Part of the problem with writing from past experiences is that sometimes you are so committed to the memory that you lose sight of the drama in the scene, and you aren’t willing to cut things, or build on a moment—if the scene doesn’t work it doesn’t work, whether it happened or not
ADDRESS PERSONALITY DISORDERS
PV: You’ve called yourself bi-polar, what does that look like for you?
RT: I say bi-polar, but I’m not on medication or anything, just that I tend to go to extremes, one day on top of the world, a gifted writer, the next day thinking I’m wasting my time, deluding myself. Really, I’m very humble, consider myself very lucky, and a product of my surroundings. BUT, you also have to have a lot of confidence to write, to sell yourself like I do.
You may not answer this question, PV, but why the dual identities? Why not just put your stamp on your work, and put it out there, have confidence in what you do, and tell the world to fuck off? I know that some of my work, the sex and violence, oh…it does give me pause. It does when I think “Oh shit, is my MOM going to read this?” It’s tough. And I know you’re often writing about sex and violence as well. Own it, sister.
PV: That’s a really good question. My answer wouldn’t be as good. Although, I would have used the word pussy—in addressing the potential lexicon of an alternate persona in contrast to that of someone’s mother. You didn’t say pussy.
RT: Ha. True. Here’s a tough question. Honestly how do you feel when you see people succeeding around you? Does it crush you a little bit?
PV: Are you kidding, I love it. Climb that ladder. Show me your coattails, I’ll show you mine.
Seriously, I love it when those I like get due affection and recognition. I have fantastic taste in people.
EXPLORE GENDER IDENTIFICATION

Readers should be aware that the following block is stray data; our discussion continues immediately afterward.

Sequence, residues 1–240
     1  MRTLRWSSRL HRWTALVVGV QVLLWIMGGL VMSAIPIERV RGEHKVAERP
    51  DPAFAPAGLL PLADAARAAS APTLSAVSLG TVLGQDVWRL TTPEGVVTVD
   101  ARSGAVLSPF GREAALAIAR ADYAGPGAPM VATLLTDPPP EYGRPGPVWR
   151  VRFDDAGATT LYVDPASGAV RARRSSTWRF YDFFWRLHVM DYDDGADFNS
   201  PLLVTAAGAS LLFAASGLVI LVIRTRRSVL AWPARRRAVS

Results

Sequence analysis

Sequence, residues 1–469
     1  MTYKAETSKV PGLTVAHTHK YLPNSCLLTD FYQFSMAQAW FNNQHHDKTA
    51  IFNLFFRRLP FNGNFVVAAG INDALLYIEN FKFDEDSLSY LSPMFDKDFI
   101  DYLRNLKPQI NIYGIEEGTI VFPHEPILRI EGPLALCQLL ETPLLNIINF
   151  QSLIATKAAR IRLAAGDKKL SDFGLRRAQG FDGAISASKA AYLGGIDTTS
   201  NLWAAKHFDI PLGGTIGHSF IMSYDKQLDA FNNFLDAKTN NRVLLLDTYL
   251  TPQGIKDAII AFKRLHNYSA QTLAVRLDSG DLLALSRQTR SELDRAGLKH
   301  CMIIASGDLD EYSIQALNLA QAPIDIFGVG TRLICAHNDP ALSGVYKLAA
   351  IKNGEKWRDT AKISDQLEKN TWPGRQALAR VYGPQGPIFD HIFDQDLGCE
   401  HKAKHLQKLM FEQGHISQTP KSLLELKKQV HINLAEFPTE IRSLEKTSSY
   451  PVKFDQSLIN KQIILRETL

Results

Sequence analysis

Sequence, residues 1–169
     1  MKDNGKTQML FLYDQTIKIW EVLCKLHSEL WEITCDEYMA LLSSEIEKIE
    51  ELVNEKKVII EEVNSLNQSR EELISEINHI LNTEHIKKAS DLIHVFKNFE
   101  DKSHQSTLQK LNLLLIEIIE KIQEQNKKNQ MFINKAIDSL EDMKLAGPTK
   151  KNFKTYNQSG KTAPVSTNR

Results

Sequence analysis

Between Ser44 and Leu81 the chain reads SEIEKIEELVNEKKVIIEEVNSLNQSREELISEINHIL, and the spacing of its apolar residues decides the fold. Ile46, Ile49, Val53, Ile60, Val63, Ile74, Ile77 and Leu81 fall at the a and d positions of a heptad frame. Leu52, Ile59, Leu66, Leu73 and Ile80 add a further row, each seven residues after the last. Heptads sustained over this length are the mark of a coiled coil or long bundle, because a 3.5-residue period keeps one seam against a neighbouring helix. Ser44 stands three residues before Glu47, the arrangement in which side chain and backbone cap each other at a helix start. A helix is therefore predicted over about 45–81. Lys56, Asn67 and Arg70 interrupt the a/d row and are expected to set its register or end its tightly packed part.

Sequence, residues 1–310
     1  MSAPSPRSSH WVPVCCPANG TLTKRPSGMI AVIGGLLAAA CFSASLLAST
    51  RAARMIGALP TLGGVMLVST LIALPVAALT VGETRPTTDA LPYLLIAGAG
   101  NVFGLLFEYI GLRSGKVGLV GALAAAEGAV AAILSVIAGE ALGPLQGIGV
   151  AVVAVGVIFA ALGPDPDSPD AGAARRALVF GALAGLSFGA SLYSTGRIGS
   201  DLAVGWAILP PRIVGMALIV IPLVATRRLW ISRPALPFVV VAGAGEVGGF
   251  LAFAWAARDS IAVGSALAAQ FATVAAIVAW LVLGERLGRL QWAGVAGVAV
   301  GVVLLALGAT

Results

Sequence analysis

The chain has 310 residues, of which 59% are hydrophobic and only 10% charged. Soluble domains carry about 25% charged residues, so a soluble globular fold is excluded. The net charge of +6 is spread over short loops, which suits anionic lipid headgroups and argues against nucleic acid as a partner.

PV: Have you ever worn makeup, excluding stage?
RT: Sure, I’ve worn it. Not so much eyeliner and lipstick, but I’ve dressed up in drag for Halloween. Hard to find size 12 women’s shoes. I have nice legs, so I’ve been told. I did go through a phase where I wore nail polish, usually black, but also dark blue, and even this cat-eye thing I did for awhile, black with a red stripe. This was during my own disintegration phase. Let’s just say that certain ladies really liked it. I had a look for sure, a certain arrogance, a who cares mindset, because, I didn’t care, about myself, about anything. Some women find that attractive.
Have you ever dressed up in drag, like a man?
PV: In seventh grade I was an old man for Halloween, gray wig and all, and nobody recognized me. I hated it. Years later we had some old film developed and found this awful, haunting photo of a lonely old man. It was another couple years before someone realized it was me in my ill-conceived costume. I’ve learned—you never wanna go full drag. You gotta hold a little back.
Are you an emotional guy? What makes you cry?
RT: It wouldn’t take much to make me cry, seriously. I keep my emotions bubbling right on the surface. Easier to access them that way. I cry over stupid shows like Top Chef or Lost or anything that feels real, human emotions, real risk and fear and hope. Do you cry easily?
PV: No. And using a one-word answer for that question.
I do, however, come apart at the sight of Mickey Mouse in a parade. No joke, he comes around the corner with Minnie and I’m finished. Ceremonious processions of any kind can destroy me.
EXPLORE SELF PERCEPTION
PV: Which actor would play you in your biopic?
RT: Let me think. I’ve been told I look like a lot of people. I’ve gotten Matthew Broderick, Harry Connick Jr., even JFK Jr. Don’t laugh! I had a waitress approach me once and ask if I was Broderick. And my nickname in college was Ferris. I think it’s because the sorority girls didn’t like yelling out DICK to get my attention. I could see Broderick now, playing me at this age. When I was younger though, in my prime? Boy, that’s tough. Maybe a young Christian Bale? He’d have to have thick, curvy hair. Maybe Gordon Levitt, Jared Leto? Shia LeBouf is growing into a look. I don’t know.
Who’d play you? I see a combination of Sherilyn Fenn, Jennifer Connelly, and Dita Von Teese.